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Frogie

Far from home, horrible anxiety

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Frogie

Four years ago, I packed up and left the city that I was born and raised in to move 200 miles for my fiancés new job. Left all my family and friends.

 

Except one. At the time, our friends moved with us. Thought all was going to be ok, then they suddenly moved to Florida. Boy now I'm all alone.

 

I live in a town of less than 800 people. If you weren't born here, or went to school here, you don't belong here.

 

My fiancé has no problems, he has contact with people all day long.

 

It took me 3 years to finally get into mental health (that's all they have here). And you get a new counselor every few months, because they don't want to drive this far from the city. You are constantly starting over. But it's better than nothing.

 

Anyways, let's get to what I wanted help with. Anxiety. EVERY MORNING at 4am, when my fiancés alarm clock goes off, my stomach is immediately sick. I can actually feel it. The strangest feeling I've ever had. I have anxiety, but I feel it come on and I can do an app on my phone, breathe, or if it gets too bad, I can take a Xanax. It happens in my chest. This is a different kind of anxiety. I feel like I have the stomach flu. It lasts until lunch time or so, then I'm ok.

 

Does anyone have this problem? If so, how do you handle the "sick" part of it?

 

Thanks!

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doggiemama

Yes I understand the feeling I had it for a long time but over time it does get better. Its a very hard thing to except just stay as calm as possible . If there are other stresses in your life it can make it worse. Remember if u in W\D these emotions are haywire and it takes a long time to feel better. I C\t off Citalopam and sleeping pill and its taken me 2 years to feel a bit more normal. So if you are tapering pls carry on as they tell you on SA

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Frogie

Yes I understand the feeling I had it for a long time but over time it does get better. Its a very hard thing to except just stay as calm as possible . If there are other stresses in your life it can make it worse. Remember if u in W\D these emotions are haywire and it takes a long time to feel better. I C\t off Citalopam and sleeping pill and its taken me 2 years to feel a bit more normal. So if you are tapering pls carry on as they tell you on SA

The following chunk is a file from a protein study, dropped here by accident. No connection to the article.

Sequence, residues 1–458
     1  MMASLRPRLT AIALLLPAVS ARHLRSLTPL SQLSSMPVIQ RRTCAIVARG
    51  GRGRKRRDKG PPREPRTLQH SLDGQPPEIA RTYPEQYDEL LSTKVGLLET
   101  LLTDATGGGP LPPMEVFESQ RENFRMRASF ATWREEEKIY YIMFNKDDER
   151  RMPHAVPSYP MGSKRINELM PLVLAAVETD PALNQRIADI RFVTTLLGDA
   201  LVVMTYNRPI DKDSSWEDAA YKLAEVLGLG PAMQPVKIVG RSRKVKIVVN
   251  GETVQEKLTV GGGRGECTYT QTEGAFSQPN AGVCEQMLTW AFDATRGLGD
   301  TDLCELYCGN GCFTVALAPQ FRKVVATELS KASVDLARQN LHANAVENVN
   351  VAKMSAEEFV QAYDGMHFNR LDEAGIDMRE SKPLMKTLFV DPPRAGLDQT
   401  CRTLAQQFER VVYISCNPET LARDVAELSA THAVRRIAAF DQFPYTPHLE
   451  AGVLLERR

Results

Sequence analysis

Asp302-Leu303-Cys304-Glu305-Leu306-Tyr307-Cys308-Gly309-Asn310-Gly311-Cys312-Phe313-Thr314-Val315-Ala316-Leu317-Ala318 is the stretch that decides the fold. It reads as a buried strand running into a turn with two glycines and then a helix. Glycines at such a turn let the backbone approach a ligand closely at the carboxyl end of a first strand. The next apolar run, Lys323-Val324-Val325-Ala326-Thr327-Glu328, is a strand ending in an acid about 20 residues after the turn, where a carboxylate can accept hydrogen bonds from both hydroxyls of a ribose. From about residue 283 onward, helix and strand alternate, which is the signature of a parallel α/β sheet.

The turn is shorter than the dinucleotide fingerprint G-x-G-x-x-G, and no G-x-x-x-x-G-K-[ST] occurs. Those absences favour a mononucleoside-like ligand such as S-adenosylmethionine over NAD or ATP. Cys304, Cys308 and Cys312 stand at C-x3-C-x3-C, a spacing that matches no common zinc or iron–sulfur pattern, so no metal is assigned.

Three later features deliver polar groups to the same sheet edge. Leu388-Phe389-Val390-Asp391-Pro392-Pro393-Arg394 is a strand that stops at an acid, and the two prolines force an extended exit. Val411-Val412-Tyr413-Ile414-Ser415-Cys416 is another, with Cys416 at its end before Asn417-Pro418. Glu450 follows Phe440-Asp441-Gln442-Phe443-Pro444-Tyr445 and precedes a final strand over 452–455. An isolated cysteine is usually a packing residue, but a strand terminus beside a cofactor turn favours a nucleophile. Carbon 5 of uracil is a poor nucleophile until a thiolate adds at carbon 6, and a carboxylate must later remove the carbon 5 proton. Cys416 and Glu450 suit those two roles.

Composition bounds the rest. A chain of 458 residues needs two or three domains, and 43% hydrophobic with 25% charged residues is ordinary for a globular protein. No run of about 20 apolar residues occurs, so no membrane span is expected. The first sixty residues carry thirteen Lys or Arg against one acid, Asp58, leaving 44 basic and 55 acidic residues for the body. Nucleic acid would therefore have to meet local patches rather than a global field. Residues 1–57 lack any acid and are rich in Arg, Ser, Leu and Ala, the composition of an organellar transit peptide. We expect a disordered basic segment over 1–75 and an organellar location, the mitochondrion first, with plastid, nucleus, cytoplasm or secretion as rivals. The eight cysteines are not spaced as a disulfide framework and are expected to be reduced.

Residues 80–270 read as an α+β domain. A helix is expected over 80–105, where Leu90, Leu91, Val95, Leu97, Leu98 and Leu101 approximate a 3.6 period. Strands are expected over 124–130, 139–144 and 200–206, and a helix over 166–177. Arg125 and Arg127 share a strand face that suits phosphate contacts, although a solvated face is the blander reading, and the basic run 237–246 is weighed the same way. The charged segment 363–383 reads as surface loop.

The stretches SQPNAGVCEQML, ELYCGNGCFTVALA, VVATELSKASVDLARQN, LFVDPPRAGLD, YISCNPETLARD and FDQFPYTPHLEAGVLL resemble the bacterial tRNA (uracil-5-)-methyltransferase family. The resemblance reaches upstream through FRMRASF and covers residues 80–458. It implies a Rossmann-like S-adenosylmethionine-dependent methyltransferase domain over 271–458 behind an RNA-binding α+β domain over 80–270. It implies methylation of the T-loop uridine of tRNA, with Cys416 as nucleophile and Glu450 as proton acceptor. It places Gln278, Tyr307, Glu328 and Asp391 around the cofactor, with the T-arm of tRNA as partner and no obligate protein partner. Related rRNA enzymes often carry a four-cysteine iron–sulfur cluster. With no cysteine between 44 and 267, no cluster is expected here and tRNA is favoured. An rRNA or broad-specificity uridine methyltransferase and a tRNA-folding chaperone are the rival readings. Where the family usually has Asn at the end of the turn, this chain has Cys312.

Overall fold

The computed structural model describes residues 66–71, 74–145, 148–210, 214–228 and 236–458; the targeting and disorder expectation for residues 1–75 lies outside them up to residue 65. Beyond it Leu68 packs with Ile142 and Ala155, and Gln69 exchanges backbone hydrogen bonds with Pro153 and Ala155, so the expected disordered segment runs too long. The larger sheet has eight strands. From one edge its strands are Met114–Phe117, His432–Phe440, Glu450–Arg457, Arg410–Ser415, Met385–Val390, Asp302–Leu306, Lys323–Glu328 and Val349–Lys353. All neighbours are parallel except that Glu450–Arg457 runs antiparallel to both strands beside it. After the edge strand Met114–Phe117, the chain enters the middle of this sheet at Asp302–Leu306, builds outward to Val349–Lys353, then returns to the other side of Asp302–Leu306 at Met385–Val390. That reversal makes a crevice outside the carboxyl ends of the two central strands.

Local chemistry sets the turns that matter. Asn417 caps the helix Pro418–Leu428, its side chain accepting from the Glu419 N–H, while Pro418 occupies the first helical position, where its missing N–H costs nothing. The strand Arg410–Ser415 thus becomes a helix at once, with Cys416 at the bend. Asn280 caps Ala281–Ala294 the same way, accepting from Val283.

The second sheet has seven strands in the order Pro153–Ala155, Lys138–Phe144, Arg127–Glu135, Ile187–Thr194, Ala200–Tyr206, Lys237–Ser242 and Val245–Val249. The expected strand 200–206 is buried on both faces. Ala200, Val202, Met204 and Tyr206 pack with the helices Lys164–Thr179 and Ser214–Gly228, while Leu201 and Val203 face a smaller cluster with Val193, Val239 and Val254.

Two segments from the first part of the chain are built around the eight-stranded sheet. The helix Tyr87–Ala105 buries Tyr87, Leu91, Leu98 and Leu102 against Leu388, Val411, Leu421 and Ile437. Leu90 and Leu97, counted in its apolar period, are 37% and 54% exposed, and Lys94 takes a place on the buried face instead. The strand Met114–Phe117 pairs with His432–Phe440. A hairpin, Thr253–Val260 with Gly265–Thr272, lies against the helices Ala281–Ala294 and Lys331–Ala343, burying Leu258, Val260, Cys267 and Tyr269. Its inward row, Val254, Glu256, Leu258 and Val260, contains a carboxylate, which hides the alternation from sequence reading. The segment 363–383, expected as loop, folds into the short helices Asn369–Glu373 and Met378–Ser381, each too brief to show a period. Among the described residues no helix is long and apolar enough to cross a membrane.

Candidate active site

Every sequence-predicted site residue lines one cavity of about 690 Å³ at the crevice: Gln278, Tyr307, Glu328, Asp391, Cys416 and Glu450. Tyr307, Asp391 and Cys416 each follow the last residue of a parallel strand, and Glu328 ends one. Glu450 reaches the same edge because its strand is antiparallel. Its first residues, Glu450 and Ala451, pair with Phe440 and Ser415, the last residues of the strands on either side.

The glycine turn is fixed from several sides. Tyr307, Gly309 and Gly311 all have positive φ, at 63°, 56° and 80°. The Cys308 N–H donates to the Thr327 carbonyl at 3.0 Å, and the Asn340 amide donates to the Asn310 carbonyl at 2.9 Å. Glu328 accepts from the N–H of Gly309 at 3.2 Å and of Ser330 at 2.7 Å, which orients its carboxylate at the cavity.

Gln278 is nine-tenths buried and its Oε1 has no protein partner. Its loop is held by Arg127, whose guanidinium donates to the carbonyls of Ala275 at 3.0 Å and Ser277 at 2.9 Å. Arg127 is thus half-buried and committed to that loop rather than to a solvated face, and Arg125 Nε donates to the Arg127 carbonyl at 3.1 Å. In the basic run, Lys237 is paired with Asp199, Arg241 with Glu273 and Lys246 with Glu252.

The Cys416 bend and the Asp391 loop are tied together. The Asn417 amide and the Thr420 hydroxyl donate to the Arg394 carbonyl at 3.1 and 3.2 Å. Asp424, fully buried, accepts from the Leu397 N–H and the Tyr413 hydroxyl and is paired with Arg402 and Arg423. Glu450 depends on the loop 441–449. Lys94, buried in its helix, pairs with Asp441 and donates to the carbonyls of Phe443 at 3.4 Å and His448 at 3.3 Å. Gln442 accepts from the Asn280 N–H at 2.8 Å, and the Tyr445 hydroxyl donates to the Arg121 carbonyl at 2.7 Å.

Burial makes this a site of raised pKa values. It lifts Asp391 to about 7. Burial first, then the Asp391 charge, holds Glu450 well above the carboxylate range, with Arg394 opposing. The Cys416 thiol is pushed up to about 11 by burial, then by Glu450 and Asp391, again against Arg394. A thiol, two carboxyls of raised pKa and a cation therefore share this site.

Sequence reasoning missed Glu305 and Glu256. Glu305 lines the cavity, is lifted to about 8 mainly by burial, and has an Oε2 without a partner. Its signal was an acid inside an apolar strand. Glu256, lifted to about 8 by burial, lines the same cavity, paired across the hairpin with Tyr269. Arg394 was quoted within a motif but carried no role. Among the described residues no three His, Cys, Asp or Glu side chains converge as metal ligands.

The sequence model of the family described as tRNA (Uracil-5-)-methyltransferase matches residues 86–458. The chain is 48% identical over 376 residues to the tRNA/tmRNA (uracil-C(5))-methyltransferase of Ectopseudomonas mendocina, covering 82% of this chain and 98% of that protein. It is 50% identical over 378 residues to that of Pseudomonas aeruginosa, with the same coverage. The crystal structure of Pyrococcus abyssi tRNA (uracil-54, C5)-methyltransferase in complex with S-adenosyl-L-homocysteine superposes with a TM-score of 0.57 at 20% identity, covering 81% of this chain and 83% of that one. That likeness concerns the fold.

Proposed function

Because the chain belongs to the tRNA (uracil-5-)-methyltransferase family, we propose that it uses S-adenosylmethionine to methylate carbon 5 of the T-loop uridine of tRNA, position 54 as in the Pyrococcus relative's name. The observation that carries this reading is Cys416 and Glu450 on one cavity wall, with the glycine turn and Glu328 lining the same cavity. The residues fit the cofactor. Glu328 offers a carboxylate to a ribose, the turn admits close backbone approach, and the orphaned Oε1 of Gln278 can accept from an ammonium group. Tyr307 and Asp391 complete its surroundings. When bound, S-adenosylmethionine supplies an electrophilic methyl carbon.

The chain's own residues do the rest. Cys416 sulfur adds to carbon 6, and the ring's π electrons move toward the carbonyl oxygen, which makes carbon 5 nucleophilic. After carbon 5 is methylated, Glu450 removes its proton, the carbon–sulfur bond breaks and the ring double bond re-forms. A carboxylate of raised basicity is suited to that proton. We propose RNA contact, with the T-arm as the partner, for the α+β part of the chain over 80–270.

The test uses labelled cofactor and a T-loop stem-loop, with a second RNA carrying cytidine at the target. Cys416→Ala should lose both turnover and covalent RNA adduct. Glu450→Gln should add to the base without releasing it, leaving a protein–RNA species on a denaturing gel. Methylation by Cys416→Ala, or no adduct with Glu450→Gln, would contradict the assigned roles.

You must have had a really hard time c/t off 2 meds. That takes a lot of courage. Im glad you are feeling better.

I'm doing the best as I can one day at a time.

Thanks for helping me answer my question!

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Frogie

Well, here it is May 1, 2017, and I feel the same way.

 

I miss my oldest son, daughter in law, Uncle, but most of all, I miss my granddaughter soooo much. I used to live 20 minutes from her, now I'm almost 200 miles from her.

 

I live in a town of 600 people. My fiancé took a job here. But if you aren't from here, didn't go to school here, you don't belong here. Very clickish.

 

There is a Shopko (like a tiny overpriced Walmart, 2 dollar stores and a Safeway) 16 miles from us. In our town, we have a gas station with a convenience store, a small grocery store, and an ACE hardware, whoopie!

 

My fiancé doesn't understand. He has communication all day at work. I sit at home all day. I do go to therapy once a week.

 

I'm so miserable, and he knows. He said maybe in a couple of years, we can move home. He's not making any promises though.

 

I cry a lot.

 

If anyone is in this kind of situation, and would like to talk PM me.

 

Take care,

Frogie xx

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JanCarol

Fifteen years ago, I packed up my house and moved in with my husband.  It was a 14,000 mile move.

 

I had made friends online and in the area - but the closest one was about 2 hours away by train.  (at least there were trains, because driving was scary!)

 

I would go to gatherings, in the park, and coffee meets.  Meet-up stuff, based on Yahoo!Groups of similar interests.  But even though they were speaking English, their vowels were all garbled and the consonants were restricted, to keep from letting flies in.  And the lingo!  "A tinny at the Gabba" what does that mean?  (it means they had a beer at the football)  What is a "Sepo"?  (it was me: short for a "septic tank" rhymes with "Yank," and all Americans are called Yanks!).  And just when I learned to say "G'day," Aussies quit using that, and just say, "Hey" or "Hello" (too much American TV)

 

I sat and listened for a year, and didn't say much because I had no idea what these people were saying.

 

And driving the roads - twisty little goat tracks that are carrying more traffic than they were designed for - twisting around the river - endless suburb after suburb and they all look alike.  And driving on the "wrong" (left) side of the road.

 

It took me 5 years before I was comfortable driving anywhere but to the grocery and the library (thank goodness for the library!).  I started to develop friends, and would meet them at the "club" for raffles (like the Elks, but different).  I met someone in my neighborhood.  I met someone else, and she moved away (I didn't care for her much, but - ).  One of her friends moved to my neighborhood and is one of my dearest friends.  She's the first person where I felt I didn't need to "put on" a mask or an air or anything.  I could just be my normal self.